Arithmetic Poem Carl Sandburg Meaning
Out of White Lips
OUT of white lips a question: Shall seven million dead ask for their blood a little land for the living wives and children, a little land for the living brothers and sisters?
Out of white lips:—Shall they have only air that sweeps round the earth for breath of their nostrils and no footing on the dirt of the earth for their battle-drabbed, battle-soaked shoes?
Out of white lips:—Is the red in the flag the blood of a free man on a piece of land his own or is it the red of a sheep slit in the throat for mutton?
Out of white lips a white pain murmurs: Who shall have land? Him who has stood ankle deep in the blood of his comrades, in the red trenches dug in the land?
Time is the coin of your life. It is the only coin you have, and only you can determine how it will be spent. Be careful lest you let other people spend it for you.Carl Sandburg
BECAUSE I have called to you
as the flame flamingo calls,
or the want of a spotted hawk
because in the dusk
the warblers shoot the running
waters of short songs to the
the cry here is wing to wing
and song to song—
I am waiting,
waiting with the flame flamingo,
the spotted hawk, the running water
waiting for you.
THE SEA at its worst drives a white foam up,
The same sea sometimes so easy and rocking with green mirrors.
So you were there when the white foam was up
And the salt spatter and the rack and the dulse—
You were done fingering these, and high, higher and higher
Your feet went and it was your voice went, “Hai, hai, hai,”
Up where the rocks let nothing live and the grass was gone,
Not even a hank nor a wisp of sea moss hoping.
Here your feet and your same singing, “Hai, hai, hai.”
Was there anything else to answer than, “Hai, hai, hai,”?
Did I go up those same crags yesterday and the day before
Scruffing my shoe leather and scraping the tough gnomic stuff
Of stones woven on a cold criss-cross so long ago?
Have I not sat there … watching the white foam up,
The hoarse white lines coming to curve, foam, slip back?
Didn’t I learn then how the call comes, “Hai, hai, hai”?
Humming Bird Woman
WHY should I be wondering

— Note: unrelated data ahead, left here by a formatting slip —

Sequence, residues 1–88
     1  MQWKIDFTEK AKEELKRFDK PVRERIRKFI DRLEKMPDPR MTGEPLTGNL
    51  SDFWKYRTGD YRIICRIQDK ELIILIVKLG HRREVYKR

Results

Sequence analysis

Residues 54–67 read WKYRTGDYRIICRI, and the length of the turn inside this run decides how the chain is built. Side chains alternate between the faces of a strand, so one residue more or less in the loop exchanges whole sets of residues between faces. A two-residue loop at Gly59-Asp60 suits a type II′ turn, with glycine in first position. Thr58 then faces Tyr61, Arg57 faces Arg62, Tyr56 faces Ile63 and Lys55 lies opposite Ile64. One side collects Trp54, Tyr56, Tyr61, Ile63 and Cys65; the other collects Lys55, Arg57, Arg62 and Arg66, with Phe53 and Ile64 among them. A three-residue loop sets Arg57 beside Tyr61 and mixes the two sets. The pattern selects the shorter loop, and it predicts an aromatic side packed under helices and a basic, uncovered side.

How you would look in black velvet and yellow? in orange and green?
I who cannot remember whether it was a dash of blue
Or a whirr of red under your willow throat—
Why do I wonder how you would look in humming-bird feathers?
THE WIND stops, the wind begins.
The wind says stop, begin.
A sea shovel scrapes the sand floor.
The shovel changes, the floor changes.
The sandpipers, maybe they know.
Maybe a three-pointed foot can tell.
Maybe the fog moon they fly to, guesses.
The sandpipers cheep “Here” and get away.
Five of them fly and keep together flying.
Night hair of some sea woman
Curls on the sand when the sea leaves
The salt tide without a good-by.
Boxes on the beach are empty.
Shake ’em and the nails loosen.
They have been somewhere.
I DRANK musty ale at the Illinois Athletic Club with
the millionaire manufacturer of Green River butter
And his face had the shining light of an old-time Quaker,
he spoke of a beautiful daughter, and I knew he had
a peace and a happiness up his sleeve somewhere.
Then I heard Jim Kirch make a speech to the Advertising
Association on the trade resources of South America.
And the way he lighted a three-for-a-nickel stogie and
cocked it at an angle regardless of the manners of
our best people,
I knew he had a clutch on a real happiness even though
some of the reporters on his newspaper say he is
the living double of Jack London's Sea Wolf.
In the mayor's office the mayor himself told me he was
happy though it is a hard job to satisfy all the office-
seekers and eat all the dinners he is asked to eat.
Down in Gilpin Place, near Hull House, was a man with
his jaw wrapped for a bad toothache,
And he had it all over the butter millionaire, Jim Kirch
and the mayor when it came to happiness.
He is a maker of accordions and guitars and not only
makes them from start to finish, but plays them
after he makes them.
And he had a guitar of mahogany with a walnut bottom
he offered for seven dollars and a half if I wanted it,
And another just like it, only smaller, for six dollars,
though he never mentioned the price till I asked him,
And he stated the price in a sorry way, as though the
music and the make of an instrument count for a
million times more than the price in money.
I thought he had a real soul and knew a lot about God.
There was light in his eyes of one who has conquered
sorrow in so far as sorrow is conquerable or worth
Anyway he is the only Chicago citizen I was jealous of
He played a dance they play in some parts of Italy
when the harvest of grapes is over and the wine
presses are ready for work.
The monotone of the rain is beautiful,
And the sudden rise and slow relapse
Of the long multitudinous rain.
The sun on the hills is beautiful,
Or a captured sunset sea-flung,
Bannered with fire and gold.
A face I know is beautiful--
With fire and gold of sky and sea,
And the peace of long warm rain.
WISHES left on your lips
The mark of their wings.
Regrets fly kites in your eyes.
THERE is a woman on Michigan Boulevard keeps a parrot and goldfish and two white mice.
She used to keep a houseful of girls in kimonos and three pushbuttons on the front door.
Now she is alone with a parrot and goldfish and two white mice … but these are some of her thoughts:
The love of a soldier on furlough or a sailor on shore leave burns with a bonfire red and saffron.
The love of an emigrant workman whose wife is a thousand miles away burns with a blue smoke.